Hidden behind the structure of the facts and figures, is the sadness and isolation of people  living with broken hearts, caught in webs of manipulation and fear.    Over the past six months through my association with a local refuge for women and kids, I’ve heard stories of women  held hostage in their homes, unable to access bank accounts or car keys.   If they escape they often find themselves homeless, their nest egg of cash running out after a few days hiding in a motel.   I hear stories of women and kids who are crushed in body and spirit, searching for a safe haven where they can breathe.

When I’m overwhelmed by the depressing statistics, I go hunting and gathering.    In the supermarkets, reject shops and chemists, I collect an impressive array of toothbrushes, shampoos, moisturisers, and delicious chocolates.   I hound the man in the Liquidators store to order me in more plastic baskets from Melbourne.  My spare room is bursting at the seams with toiletry items and teddies and I’m sure my husband thinks I’m going mad.   Every month or so I meet with some girlfriends and we create ‘welcome packs’ in colourful plastic baskets for the women and kids with the broken hearts.     When they arrive at the refuge with nothing but the clothes on their backs, our welcome packs await, an insignificant little gift but perhaps for some a warm candle flickering in a hostile black night.

Our welcome packs won’t stop domestic violence and abuse, or make the pain and panic go away, but they are a small gesture, a hint at a future with hope.    We can’t fix each sad set of circumstances or restore each broken life, but we can offer our love, our support and our belief that those who are suffering have the strength to take those first awkward steps on the road to healing.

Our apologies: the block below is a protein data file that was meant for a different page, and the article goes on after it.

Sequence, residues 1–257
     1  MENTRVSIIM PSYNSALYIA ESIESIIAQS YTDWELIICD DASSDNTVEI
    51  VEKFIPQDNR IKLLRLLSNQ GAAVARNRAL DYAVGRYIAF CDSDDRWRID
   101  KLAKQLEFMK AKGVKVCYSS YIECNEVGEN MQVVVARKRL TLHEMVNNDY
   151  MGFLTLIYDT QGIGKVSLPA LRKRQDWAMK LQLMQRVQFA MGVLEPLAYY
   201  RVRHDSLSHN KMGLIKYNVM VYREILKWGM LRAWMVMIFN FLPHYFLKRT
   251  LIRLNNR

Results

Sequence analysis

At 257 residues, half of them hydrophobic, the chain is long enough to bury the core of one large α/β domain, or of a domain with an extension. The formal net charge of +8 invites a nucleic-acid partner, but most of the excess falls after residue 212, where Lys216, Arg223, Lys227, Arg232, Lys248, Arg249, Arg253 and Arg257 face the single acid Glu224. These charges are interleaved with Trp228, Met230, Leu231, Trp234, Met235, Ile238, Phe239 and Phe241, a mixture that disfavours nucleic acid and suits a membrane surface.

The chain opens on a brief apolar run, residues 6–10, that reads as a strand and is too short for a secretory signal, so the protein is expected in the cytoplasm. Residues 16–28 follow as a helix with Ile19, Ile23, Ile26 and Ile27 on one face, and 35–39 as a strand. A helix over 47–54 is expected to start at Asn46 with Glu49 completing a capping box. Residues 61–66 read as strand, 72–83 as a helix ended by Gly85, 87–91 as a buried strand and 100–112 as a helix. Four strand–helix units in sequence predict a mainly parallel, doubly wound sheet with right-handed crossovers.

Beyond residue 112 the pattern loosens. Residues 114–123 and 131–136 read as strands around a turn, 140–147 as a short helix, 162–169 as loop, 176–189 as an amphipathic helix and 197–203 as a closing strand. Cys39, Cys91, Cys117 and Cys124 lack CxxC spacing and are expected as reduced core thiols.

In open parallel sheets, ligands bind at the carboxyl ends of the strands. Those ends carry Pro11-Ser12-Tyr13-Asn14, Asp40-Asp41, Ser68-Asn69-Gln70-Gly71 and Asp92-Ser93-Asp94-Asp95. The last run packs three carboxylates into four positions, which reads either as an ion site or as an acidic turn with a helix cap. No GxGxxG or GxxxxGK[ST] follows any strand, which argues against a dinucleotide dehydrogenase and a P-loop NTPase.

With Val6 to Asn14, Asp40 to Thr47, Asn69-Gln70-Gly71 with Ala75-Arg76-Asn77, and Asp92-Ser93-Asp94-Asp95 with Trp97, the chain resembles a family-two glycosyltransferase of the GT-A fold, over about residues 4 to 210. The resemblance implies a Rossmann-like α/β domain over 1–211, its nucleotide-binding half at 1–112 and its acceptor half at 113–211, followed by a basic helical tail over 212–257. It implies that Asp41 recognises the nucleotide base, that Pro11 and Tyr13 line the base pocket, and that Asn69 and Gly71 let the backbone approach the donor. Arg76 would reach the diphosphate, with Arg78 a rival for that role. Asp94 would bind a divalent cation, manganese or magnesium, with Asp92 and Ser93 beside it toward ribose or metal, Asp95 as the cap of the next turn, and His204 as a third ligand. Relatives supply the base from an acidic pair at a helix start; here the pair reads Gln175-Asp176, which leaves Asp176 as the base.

Another set of statistics caught my attention this week.    Did you know that in rural Papua New Guinea 1 in 7 women die during childbirth?  In an era of  sterile hospitals and advanced medical procedures, it is hard for most western women to imagine what it would be like to face childbirth alone, with no medical intervention, in the dust and dirt.   Yesterday I read about a simple and wonderful idea to supply women in PNG with a sterile birthing kit which has the essential items to give them the best chance of surviving childbirth.     It is inexpensive, simple and very effective.   Five birthing kits cost only Aus$10.00 – such a small price to pay for what may potentially be the lives of three women and three babies.    I applaud Adriel Booker for her insight and compassion in putting these kits together, and promoting them.  You can read more @: